UNITED STATES DISTRICT COURT DISTRICT OF NEW JERSEY
May 31, 2011
ESTATE OF LYDIA JOY PERRY, DECEASED, BY VIVIAN KALE, CO-ADMINISTRATRIX AD PROSEQUENDUM OF THE ESTATE OF LYDIA JOY PERRY, AND JANET FANDEL, CO-ADMINISTRATRIX AD PROSEQUENDUM OF THE ESTATE OF LYDIA JOY PERRY,
DEBRA SLOAN, ET AL.,
The opinion of the court was delivered by: Thompson, U.S.D.J.
NOT FOR PUBLICATION
OPINION & ORDER
This matter comes before the Court upon the Motion to Dismiss [docket # 22] filed by Defendants State of New Jersey, Department of Human Services, Division of Developmental Disabilities (DHS-DDD), and Jennifer Velez (collectively, "State Defendants"). Plaintiff has opposed the motion . The Court has decided the matter upon consideration of the parties' submissions, without holding oral argument, pursuant to Fed. R. Civ. P. 78(b). For the reasons given below, the motion is granted in part and denied in part.
Plaintiff in this case is the Estate of Lydia Joy Perry, who died intestate. Perry was born in 1941 with a developmental disability. (Compl. ¶ 6) . In 1985, she was placed in the custody of the New Jersey Department of Human Services, Division of Developmental Disabilities (DHS-DDD). (Id.) In 2006, she was transferred to a Community Care residence, operated out of the home of Defendant Debra Sloan under contract with the State of New Jersey. (Id. at ¶ 23.) Sloan was highly recommended by Defendant Bridget Grimes, who worked as a Habilitation Planning Coordinator at DHS-DDD and served as Perry's case-manager. (Id. at ¶ 24.) Plaintiff alleges that Grimes took active steps to keep Perry in Sloan's home and to persuade Perry's family members to keep Plaintiff there. (Id.)
During her residency in Sloan's home, Perry was subjected to abuse, neglect, harassment and other mistreatment. (Id. at ¶ 25.) Sloan and Grimes were indicted in 2009 for various crimes arising out of their treatment of Perry and two other disabled women in Sloan's care. (Id. at ¶ 26.) DHS-DDD later substantiated the allegations that Sloan and Grimes had mistreated and denied adequate care to Perry and, particularly, that the Defendants had failed to provide Perry with a needed colonoscopy. (Id. at ¶ 30.) In September 2008, Perry was transferred to the home of Defendant Dorothy Purdy, but the neglect continued. (Id. at ¶ 32--33.) DHS-DDD later substantiated the allegations of neglect against Purdy and found that Purdy was unable to provide the level of care and supervision Perry needed. (Id. at ¶ 34.) Perry died on August 17, 2009, as a result of a gastrointestinal hemorrhage, which Plaintiff claims was a result of Defendants' failure to provide Perry with necessary medical care. (Id. at ¶ 34.)
Plaintiff-Perry's Estate-filed this action on September 10, 2010, alleging claims against various defendants for violation of the United States Constitution, the New Jersey Constitution, and New Jersey statutory and common law. The State Defendants have now moved to dismiss several counts of the Complaint for failure to state a claim upon which relief can be granted.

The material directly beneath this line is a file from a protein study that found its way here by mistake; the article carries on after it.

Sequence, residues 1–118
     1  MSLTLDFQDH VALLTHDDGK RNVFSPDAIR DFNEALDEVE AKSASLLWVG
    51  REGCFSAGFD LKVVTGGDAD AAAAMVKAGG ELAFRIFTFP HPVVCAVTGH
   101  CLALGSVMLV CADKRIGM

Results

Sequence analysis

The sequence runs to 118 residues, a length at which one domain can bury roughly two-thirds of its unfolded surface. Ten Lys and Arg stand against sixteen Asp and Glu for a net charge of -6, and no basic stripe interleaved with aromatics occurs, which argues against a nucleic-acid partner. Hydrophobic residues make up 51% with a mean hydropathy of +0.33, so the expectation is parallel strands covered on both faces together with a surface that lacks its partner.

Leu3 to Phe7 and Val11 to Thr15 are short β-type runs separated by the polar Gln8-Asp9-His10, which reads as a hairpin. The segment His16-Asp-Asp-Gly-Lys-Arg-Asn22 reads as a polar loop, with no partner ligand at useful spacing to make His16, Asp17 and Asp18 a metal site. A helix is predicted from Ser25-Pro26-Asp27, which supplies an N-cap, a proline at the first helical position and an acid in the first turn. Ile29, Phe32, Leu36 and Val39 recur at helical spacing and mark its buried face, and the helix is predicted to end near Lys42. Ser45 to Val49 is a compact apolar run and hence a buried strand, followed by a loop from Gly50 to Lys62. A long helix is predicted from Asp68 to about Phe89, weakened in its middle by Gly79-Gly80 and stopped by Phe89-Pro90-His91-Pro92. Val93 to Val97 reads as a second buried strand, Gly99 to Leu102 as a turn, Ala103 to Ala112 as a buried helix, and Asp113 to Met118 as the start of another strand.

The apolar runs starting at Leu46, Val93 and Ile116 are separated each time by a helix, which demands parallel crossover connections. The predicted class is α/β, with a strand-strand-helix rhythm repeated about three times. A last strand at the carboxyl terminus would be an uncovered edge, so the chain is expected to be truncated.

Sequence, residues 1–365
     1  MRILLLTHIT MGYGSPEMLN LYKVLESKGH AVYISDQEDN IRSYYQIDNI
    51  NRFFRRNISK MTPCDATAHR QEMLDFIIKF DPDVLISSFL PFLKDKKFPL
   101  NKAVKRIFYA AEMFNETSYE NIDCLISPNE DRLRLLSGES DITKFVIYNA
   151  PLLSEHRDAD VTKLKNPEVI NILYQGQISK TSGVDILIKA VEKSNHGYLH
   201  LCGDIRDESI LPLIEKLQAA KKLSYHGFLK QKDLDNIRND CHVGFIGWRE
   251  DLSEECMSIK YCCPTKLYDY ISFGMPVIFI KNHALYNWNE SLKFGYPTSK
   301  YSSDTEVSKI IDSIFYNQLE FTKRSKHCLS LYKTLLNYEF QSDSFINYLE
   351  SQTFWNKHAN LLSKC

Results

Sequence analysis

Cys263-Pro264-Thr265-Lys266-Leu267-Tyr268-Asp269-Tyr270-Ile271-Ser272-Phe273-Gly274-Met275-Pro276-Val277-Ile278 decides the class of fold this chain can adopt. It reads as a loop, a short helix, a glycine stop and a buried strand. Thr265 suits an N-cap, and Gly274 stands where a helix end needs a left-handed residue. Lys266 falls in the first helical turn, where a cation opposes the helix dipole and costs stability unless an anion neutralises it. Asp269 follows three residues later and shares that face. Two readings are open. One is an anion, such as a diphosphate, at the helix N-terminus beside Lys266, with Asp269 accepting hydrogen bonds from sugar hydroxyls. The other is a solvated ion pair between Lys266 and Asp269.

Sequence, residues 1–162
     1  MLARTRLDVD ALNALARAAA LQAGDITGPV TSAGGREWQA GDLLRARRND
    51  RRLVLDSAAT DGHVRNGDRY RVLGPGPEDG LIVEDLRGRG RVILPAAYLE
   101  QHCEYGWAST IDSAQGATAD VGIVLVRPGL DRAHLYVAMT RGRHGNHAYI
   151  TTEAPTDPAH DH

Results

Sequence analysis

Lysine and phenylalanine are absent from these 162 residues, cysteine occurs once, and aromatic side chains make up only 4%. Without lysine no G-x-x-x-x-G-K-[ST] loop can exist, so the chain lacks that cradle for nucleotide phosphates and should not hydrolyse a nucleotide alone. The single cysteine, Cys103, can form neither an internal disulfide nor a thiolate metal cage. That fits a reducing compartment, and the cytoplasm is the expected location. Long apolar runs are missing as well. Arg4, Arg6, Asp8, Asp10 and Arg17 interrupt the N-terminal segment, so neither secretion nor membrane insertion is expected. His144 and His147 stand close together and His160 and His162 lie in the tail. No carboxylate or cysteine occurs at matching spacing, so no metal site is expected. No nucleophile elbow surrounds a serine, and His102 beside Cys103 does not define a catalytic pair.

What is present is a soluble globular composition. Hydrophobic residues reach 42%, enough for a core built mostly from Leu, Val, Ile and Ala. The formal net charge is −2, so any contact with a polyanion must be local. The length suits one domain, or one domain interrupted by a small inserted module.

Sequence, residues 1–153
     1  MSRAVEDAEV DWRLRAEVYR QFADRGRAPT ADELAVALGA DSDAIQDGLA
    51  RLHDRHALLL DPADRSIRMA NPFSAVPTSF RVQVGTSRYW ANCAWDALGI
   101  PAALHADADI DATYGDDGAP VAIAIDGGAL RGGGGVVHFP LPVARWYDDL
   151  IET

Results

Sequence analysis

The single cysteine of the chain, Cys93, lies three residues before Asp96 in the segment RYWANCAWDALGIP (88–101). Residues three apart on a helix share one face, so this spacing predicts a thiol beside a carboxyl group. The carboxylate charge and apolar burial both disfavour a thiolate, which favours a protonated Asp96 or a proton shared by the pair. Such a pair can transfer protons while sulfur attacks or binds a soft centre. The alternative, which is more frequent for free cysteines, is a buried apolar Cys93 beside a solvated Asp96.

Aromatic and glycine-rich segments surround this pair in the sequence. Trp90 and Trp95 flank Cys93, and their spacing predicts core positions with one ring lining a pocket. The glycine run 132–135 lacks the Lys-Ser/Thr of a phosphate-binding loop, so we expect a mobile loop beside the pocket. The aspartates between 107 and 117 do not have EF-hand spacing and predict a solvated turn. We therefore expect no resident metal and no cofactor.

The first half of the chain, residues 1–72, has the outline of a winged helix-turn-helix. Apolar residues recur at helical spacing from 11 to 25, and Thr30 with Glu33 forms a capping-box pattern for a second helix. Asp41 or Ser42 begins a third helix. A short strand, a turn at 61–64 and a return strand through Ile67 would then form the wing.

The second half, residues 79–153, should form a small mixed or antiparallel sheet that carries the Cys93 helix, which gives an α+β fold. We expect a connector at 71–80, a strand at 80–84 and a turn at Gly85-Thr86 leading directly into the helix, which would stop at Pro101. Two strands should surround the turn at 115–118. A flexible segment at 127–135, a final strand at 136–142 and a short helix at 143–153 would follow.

III. LEGAL STANDARD
Under Fed. R. Civ. P. 12(b)(6), a defendant bears the burden of showing that no claim has been presented. Hedges v. United States, 404 F.3d 744, 750 (3d Cir. 2005). When considering a 12(b)(6) motion, a district court must accept as true all of a plaintiff's well-pleaded factual allegations and construe the complaint in the light most favorable to plaintiff, but may disregard any legal conclusions. Fowler v. UPMC Shadyside, 578 F.3d 203, 210--11 (3d Cir. 2009). Once the well-pleaded facts have been identified, a court must determine whether the "facts are sufficient to show that plaintiff has a 'plausible claim for relief.'" Id. (quoting Ashcroft v. Iqbal, --- U.S. ----, 129 S.Ct. 1937');">129 S. Ct. 1937, 1949 (2009)). A claim is only plausible if the facts pleaded allow a court reasonably to infer that the "defendant is liable for the misconduct alleged." Id. at 210 (quoting Iqbal, 129 S. Ct. at 1948). Facts suggesting the "mere possibility of misconduct" fail to show that the plaintiff is entitled to relief. Id. at 211 (quoting Iqbal, 129 S. Ct. at 1949).
The State Defendants move to dismiss the First, Second, Third, and Seventh Counts for failure to state a claim upon which relief can be granted. The First and Second Counts alleges claims against the State Defendants under 42 U.S.C. § 1983 for violation of Perry's substantive due process rights. The Third Count alleges a claim against the State Defendants under § 1983 for deliberate indifference. And the Seventh Count claims that the State Defendants violated the New Jersey Civil Rights Act (NJCRA), N.J.S.A. 10:6-1. The State Defendants argue that all four of these claims must be dismissed against Defendants State of New Jersey, DHS-DDD, and Commissioner Velez because these defendants are not persons subject to suit under § 1983 and the NJCRA. (Br. in Supp. of Mot. To Dismiss 4--5) [22-1]. They further argue that Commissioner Velez cannot be held liable in her official or individual capacity because there are insufficient factual allegations of her personal involvement in the alleged wrongs. (Id. at 6.)
A.Claims Against Defendants State of New Jersey and DHS-DDD
The first three counts of the Complaint are brought against the State Defendants under § 1983, which provides a federal cause of action against any person who, acting under color of state law, deprives another individual of a federal right. 42 U.S.C. § 1983. A state is not a "person" subject to suit under § 1983, and this rule also applies to governmental units that are considered "arms of the state." Will v. Mich. Dep't of State Police, 491 U.S. 58, 70--71 (1989). New Jersey is a state, and DHS-DDD is an arm of the state. See N.J.S.A. 30:1-2; 30:6D-24. Therefore, the First, Second, and Third Counts must be dismissed against these Defendants. Plaintiff does not contest this. (Mem. in Opp'n 17) .